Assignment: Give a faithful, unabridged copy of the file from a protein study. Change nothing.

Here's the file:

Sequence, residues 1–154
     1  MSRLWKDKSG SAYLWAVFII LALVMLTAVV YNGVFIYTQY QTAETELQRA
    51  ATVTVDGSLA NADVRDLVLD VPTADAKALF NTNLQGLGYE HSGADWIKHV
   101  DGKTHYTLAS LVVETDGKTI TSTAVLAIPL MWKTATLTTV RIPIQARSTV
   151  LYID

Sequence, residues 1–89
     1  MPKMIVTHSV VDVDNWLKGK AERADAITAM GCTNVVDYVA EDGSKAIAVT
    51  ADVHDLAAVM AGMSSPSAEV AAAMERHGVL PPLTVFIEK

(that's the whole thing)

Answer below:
Sequence, residues 1–154
     1  MSRLWKDKSG SAYLWAVFII LALVMLTAVV YNGVFIYTQY QTAETELQRA
    51  ATVTVDGSLA NADVRDLVLD VPTADAKALF NTNLQGLGYE HSGADWIKHV
   101  DGKTHYTLAS LVVETDGKTI TSTAVLAIPL MWKTATLTTV RIPIQARSTV
   151  LYID

Sequence, residues 1–89
     1  MPKMIVTHSV VDVDNWLKGK AERADAITAM GCTNVVDYVA EDGSKAIAVT
    51  ADVHDLAAVM AGMSSPSAEV AAAMERHGVL PPLTVFIEK